1. The problem statement, all variables and given/known data Find the radius of convergence and interval of convergence of the series: as n=1 to infinity: (n(x-4)^n) / (n^3 + 1) 2. Relevant equations convergence tests 3. The attempt at a solution i tried the ratio test but i ended up getting x had to be less than 25/4 ... when i did it, i ended up with [ (n+1)(x-4)(n^3 + 1) ] / [(n+1)^3 + 1] take out the x-4 from the limit which leaves you with 4/9 * (x-4) and thats how i got it. am i right or wrong? if so, how? not good at this stuff
Perhaps it's just a typo, but you're missing a factor of n in the denominator. You have the right idea, but I don't see where the 4/9 came from. Show us how you took the limit as n→∞.
Oh yea the bottom should be n[ ((n+1)^3) +1 ] right? But I ended up getting the limit goes to 0 =/ idk if that's right ... I simplified so it looked like this after the first step of the ratio test: On top: (n+1)*(x-4)*(n^3 + 1) On bottom: (n^3 + 1)*(3n+1)*(n+1)*n Then 2 sets of terms cancel. I was left with (x-4)*(limit 1/((3n+1)*n) And as n goes to infinity, 1/((3n+1)*n) goes to 0, right??
Hmm, not sure how you got the denominator. You started with [(n+1)^{3}+1]n. You should be able to see that the highest power of n you'll get is n^{4}. If you were to multiply (n^3+1)(3n+1)(n+1)n out, the highest power would be n^{6}, so those two expressions can't be equal.
Putting the pieces together, here is the limit: [tex]|x - 4|\lim_{n \to \infty}\frac{(n + 1)(n^3 + 1)}{n((n + 1)^3 + 1)}[/tex] arl146, you keep omitting the absolute values on the variable. You need them. Also, the value of the limit expression above is NOT 4/9 or 25/4 or 0.
Ok I know what the limit is, I just had a typo in my first post. I just don't know how to find the value of the limit! To me it goes to infinity
Cause I just plugged in infinity for the n's lol. I know I need to brush up on that stuff its been a year since I've taken this class and I'm trying to finish up work I missed. That's what I'm trying to get help on at this point though ....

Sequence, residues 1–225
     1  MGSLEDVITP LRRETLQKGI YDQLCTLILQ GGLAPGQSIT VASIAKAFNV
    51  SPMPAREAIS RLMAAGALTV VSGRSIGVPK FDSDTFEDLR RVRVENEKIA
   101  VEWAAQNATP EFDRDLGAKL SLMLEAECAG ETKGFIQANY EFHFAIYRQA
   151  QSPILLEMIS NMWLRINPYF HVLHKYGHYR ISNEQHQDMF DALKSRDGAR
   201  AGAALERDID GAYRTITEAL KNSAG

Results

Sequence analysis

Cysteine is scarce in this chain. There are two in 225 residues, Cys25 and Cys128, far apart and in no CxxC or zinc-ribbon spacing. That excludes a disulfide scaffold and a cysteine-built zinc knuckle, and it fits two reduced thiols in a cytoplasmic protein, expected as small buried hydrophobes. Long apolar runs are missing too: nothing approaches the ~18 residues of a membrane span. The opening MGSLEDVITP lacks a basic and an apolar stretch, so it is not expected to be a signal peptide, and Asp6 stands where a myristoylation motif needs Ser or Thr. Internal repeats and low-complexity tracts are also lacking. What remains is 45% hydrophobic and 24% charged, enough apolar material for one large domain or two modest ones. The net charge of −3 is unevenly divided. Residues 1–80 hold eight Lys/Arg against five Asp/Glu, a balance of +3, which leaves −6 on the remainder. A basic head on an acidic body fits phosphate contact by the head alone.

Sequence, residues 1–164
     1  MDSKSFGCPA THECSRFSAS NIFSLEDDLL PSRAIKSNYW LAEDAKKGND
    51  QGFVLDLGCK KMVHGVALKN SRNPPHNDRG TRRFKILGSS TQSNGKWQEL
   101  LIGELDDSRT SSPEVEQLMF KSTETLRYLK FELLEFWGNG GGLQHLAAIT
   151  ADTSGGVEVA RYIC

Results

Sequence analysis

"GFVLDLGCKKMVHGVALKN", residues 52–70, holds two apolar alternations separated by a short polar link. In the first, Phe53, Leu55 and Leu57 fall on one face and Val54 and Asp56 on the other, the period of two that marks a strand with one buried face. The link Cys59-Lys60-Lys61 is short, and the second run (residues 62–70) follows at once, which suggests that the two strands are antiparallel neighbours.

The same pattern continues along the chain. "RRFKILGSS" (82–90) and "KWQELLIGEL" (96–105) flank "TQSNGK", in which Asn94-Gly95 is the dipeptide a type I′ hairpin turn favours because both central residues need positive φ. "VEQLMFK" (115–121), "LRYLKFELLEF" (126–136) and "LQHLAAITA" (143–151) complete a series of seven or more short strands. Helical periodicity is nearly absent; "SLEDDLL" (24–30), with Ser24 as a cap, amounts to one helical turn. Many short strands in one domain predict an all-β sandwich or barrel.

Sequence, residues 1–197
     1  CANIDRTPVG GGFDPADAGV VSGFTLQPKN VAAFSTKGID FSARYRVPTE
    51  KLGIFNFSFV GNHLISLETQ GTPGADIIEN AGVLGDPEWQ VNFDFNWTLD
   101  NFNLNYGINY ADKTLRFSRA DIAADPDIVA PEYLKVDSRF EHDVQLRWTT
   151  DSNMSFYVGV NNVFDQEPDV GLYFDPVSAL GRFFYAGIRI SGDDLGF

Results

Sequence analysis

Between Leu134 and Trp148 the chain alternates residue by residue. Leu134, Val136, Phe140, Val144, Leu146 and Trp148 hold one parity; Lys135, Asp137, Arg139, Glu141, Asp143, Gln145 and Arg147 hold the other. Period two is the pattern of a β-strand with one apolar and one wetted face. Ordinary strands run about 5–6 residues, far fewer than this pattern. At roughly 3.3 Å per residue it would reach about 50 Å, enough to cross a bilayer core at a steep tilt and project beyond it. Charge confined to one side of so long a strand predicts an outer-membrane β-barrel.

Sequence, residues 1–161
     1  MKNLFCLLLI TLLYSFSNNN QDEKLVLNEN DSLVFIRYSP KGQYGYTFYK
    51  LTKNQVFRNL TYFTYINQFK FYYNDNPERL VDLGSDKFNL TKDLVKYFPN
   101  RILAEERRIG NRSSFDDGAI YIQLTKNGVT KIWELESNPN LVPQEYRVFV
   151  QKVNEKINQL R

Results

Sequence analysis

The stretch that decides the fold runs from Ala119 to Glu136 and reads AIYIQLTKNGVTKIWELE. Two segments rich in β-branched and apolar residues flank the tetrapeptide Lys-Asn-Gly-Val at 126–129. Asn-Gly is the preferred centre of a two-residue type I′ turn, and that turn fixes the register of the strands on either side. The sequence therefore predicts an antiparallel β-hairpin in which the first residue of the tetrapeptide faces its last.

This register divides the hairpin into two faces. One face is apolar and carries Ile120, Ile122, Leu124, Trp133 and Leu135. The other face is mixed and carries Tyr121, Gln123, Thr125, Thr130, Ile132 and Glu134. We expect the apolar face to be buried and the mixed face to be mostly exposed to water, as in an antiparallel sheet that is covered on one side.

You can't just "plug in" infinity. Again, you need to review evaluating limits at infinity of rational functions.
Can't you help though? :/ all I know else to do for limits is use l'hopitals rule and that seems too complicated to do with this one
Take a look at this page: http://people.richland.edu/james/lecture/m116/polynomials/rational.html, especially the section on horizontal asymptotes.
well when i factored everything out and some stuff cancelled, i got |x-4| lim 1 / (5 + 3n^2) and as n gets closer to infinity, the limit gets closer to 0. which would mean that for any x, the limit will always be 0. but another approach, looking at what you gave me, the denominator is bigger, so it says that if the numerator is smaller than the denominator (degree wise) then y=0 is a horizontal asymptote. all that i get from the 2 things above is that the limit goes to 0, but you told me in an above post that it doesnt ..
No. I don't know what you did to get the result above, but it's incorrect. From post #6, which I checked again, the rational function in the limit is degree 4 in both the numerator and denominator. If you simplify it, you definitely don't get 1/(5 + 3n^{2}), which is degree 0 in the numerator and degree 2 in the denominator.
Ok yea I get that it's both. Degree 4 .. I don't know what I'm supposed to do after that. So I get for the top: n^4 + n^3 + n +1 and for the bottom: n^4 + 3n^3 + 3n^2 + 1 So idk what to do next? Do I take the derivative of each terms to take the L'hopitals approach and then you end up with 1. So then x should be less than 4... Is that right?
If you go this way, you'll need to use L'Hopital's Rule 4 times. Another approach that is quicker and simpler is to factor x^{4} out of every term in top and bottom. That way you get [tex]|x - 4|\lim_{n \to \infty}\frac{n^4}{n^4}\frac{1 + <other stuff>}{1 + <other stuff>}[/tex] By <other stuff> I mean terms that look like 1/n, 1/n^{2}, and so on. When you take the limit, n^{4}/n^{4} goes to 1, and the other rational expression goes to 1 because all the terms involving 1/n, 1/n^{2}, etc. go to 0. No. What you have been doing is using the Ratio test to determine convergence. The final limit is |x - 4|. What does the Ratio test say about this value for convergence and divergence?
That's close. The last term in the denominator should be 2n, so you should have $$|x-4|\lim_{n \to \infty} \frac{n^4 + n^3 + n +1}{n^4 + 3n^3 + 3n^2 + 2n}$$ Using L'Hopital's rule will work, but it's more work than is necessary. The idea here is to divide both the top and bottom by n^{4} because that's the highest-degree term in the numerator: $$|x-4|\lim_{n \to \infty} \frac{\frac{1}{n^4}(n^4 + n^3 + n +1)}{\frac{1}{n^4}(n^4 + 3n^3 + 3n^2 + 2n)}$$ Multiply out the top and bottom and then take the limit. What does the ratio test say has to be true about $$|x-4|\lim_{n \to \infty} \frac{\frac{1}{n^4}(n^4 + n^3 + n +1)}{\frac{1}{n^4}(n^4 + 3n^3 + 3n^2 + 2n)}$$ for the series to converge?